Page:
Entity

Time filter

Source Type

Singapore, Singapore

Jensen K.R.,Universitetsparken 15 | Ong R.S.L.,National Biodiversity Center
Raffles Bulletin of Zoology | Year: 2015

Spawning was observed in the laboratory and documented by video for a specimen of Lobiger viridis Pease, 1863 (Mollusca: Gastropoda: Heterobranchia: Sacoglossa) from Changi East, Singapore. The spawning animal shaped the egg mass with its mouth-area and the anterior rim of its foot. The head moved from side to side, presumably adding secretions, as the egg mass progressed. The egg mass was shaped as a more or less irregular, elongate spiral. It took approximately three hours to complete the first egg mass, and a second fertile egg mass was produced after 24 hours. The eggs were yellow when deposited but turned pale after several days as shelled veliger larvae developed. A single egg mass was estimated to contain more than 20,000 eggs. Preserved egg capsules were approximately 120 × 90 μm, and veligers had distinct statocysts but no eyes when they were ready to hatch. At this stage veliger shells had maximum diameters of about 106 μm. © National University of Singapore. Source


Von Rintelen K.,Humboldt University of Berlin | Page T.J.,Griffith University | Cai Y.,National Biodiversity Center | Roe K.,Iowa State University | And 5 more authors.
Molecular Phylogenetics and Evolution | Year: 2012

Atyid freshwater shrimps are globally distributed and form an important part of freshwater ecosystems, particularly in the tropics and subtropics. Despite their widespread distribution and ecological importance, their phylogenetic relationships are largely unresolved. Here we present the first comprehensive molecular phylogeny of the Atyidae investigating the evolutionary relationships among 32 of the 42 genera using mitochondrial and nuclear markers. Our data indicate that the established classification of the Atyidae is in need of substantial taxonomic revision at all taxonomic levels. We suggest a new suprageneric systematization of atyids and discuss problematic issues at the generic level, particularly in the most speciose genus, Caridina. Molecular clock based divergence time estimates for atyids vary widely, but invariably support the assumption that atyids are an ancient freshwater lineage with an origin in the mid-Cretaceous at the very latest. Atyid distribution patterns are the result of instances of both long-distance dispersal and vicariance, depending largely on the reproductive mode of taxa. From an evolutionary perspective, the high frequency of independent origin of both a complete (landlocked) freshwater life cycle and a cave-dwelling mode of life is remarkable and unparalleled among crustaceans. © 2011 Elsevier Inc. Source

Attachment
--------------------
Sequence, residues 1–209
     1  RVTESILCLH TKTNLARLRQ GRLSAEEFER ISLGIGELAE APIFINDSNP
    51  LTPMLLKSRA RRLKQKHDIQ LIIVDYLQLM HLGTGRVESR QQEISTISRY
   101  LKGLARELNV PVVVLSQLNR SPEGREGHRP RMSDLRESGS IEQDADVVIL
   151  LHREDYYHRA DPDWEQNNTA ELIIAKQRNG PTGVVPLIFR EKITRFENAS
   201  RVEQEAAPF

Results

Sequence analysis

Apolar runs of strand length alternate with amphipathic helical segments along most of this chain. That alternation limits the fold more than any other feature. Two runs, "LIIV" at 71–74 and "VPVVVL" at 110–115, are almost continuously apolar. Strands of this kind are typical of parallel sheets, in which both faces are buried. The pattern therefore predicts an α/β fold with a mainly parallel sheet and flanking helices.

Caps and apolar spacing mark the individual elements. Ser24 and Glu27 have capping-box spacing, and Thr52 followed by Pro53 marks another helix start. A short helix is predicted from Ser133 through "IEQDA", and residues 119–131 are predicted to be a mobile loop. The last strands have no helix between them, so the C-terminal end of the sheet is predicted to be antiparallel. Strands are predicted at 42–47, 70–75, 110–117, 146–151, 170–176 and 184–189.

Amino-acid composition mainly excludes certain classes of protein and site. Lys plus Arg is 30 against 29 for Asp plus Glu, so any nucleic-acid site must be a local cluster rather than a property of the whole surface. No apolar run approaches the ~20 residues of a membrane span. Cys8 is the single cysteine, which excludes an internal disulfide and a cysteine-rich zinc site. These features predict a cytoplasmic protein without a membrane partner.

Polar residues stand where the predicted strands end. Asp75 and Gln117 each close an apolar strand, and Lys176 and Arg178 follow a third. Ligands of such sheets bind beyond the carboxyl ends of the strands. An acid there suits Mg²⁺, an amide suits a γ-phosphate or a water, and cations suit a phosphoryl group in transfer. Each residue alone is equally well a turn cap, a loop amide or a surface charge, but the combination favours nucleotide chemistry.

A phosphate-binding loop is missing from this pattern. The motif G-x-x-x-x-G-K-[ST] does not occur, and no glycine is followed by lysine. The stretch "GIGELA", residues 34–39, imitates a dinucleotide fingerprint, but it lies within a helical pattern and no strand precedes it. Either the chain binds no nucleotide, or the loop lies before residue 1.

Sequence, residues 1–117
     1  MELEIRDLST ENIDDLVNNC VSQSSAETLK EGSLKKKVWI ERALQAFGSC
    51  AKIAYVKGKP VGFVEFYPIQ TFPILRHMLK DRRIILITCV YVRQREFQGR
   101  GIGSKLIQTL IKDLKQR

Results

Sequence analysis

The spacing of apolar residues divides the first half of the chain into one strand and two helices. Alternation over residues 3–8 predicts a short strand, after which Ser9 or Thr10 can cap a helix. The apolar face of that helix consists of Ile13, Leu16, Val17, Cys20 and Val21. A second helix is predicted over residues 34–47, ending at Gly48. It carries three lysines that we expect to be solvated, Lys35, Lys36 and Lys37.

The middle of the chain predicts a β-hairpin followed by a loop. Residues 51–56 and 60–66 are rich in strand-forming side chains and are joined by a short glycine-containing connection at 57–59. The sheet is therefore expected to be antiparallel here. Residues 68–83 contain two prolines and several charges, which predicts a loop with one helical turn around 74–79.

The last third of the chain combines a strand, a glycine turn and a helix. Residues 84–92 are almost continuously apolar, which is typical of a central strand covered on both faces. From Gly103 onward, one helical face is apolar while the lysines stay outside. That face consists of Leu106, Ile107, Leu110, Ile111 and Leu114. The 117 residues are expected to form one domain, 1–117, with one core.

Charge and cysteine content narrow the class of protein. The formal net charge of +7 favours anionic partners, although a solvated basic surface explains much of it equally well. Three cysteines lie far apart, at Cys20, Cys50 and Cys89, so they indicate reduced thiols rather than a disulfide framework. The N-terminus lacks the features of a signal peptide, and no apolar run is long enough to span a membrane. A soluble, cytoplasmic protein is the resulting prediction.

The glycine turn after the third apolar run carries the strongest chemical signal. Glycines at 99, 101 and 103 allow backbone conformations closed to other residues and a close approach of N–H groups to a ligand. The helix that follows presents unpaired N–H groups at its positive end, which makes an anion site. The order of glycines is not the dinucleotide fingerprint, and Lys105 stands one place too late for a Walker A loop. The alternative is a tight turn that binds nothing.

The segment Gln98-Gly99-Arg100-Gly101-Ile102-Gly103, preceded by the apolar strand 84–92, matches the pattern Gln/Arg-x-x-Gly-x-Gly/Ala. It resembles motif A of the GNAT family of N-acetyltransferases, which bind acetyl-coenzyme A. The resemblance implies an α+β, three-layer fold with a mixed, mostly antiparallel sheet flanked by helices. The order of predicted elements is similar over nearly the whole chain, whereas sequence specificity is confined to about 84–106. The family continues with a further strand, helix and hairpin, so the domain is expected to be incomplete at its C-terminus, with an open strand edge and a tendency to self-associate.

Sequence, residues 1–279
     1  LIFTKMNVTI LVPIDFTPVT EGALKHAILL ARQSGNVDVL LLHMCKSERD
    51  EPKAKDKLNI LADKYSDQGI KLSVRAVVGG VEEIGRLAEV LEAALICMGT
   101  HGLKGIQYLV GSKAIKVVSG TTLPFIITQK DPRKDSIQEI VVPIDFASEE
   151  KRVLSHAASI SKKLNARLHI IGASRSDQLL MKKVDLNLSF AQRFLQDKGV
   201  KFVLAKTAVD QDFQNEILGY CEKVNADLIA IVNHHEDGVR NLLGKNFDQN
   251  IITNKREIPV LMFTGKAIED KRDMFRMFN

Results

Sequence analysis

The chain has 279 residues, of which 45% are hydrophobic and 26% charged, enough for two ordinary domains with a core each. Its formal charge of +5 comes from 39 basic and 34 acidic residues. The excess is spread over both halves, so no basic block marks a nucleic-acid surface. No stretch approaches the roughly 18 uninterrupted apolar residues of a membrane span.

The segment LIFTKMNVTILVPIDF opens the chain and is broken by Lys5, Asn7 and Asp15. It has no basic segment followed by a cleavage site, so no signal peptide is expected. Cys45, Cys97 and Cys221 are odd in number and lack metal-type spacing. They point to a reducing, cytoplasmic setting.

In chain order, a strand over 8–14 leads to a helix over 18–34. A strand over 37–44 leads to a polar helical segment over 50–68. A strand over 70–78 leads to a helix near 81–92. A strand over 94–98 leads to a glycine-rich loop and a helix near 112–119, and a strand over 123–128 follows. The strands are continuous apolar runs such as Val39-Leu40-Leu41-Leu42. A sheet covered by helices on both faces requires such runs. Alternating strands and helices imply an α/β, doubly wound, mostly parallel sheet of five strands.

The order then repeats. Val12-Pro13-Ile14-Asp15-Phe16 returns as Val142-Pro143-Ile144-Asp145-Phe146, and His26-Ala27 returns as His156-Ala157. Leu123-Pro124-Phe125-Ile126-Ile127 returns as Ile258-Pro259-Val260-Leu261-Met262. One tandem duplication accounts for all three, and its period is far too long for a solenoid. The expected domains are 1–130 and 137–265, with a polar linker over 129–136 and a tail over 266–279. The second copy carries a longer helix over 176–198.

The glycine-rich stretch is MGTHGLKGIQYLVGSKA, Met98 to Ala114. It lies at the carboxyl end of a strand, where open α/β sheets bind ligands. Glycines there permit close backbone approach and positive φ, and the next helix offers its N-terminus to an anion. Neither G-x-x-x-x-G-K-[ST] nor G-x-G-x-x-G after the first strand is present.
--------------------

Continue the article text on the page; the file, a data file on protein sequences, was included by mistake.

Orr A.G.,Griffith University | Ngiam R.W.J.,National Biodiversity Center
International Journal of Odonatology | Year: 2011

The larva of Heliaeschna uninervulata is described and figured for the first time. Its characters mostly fall within the limits of variation of Gynacantha spp. Comparison of the larval characters of H. filostyla, the only other member of the genus for which the larva is known, suggests that it is not congeneric with H. uninervulata. © 2011 Worldwide Dragonfly Association. Source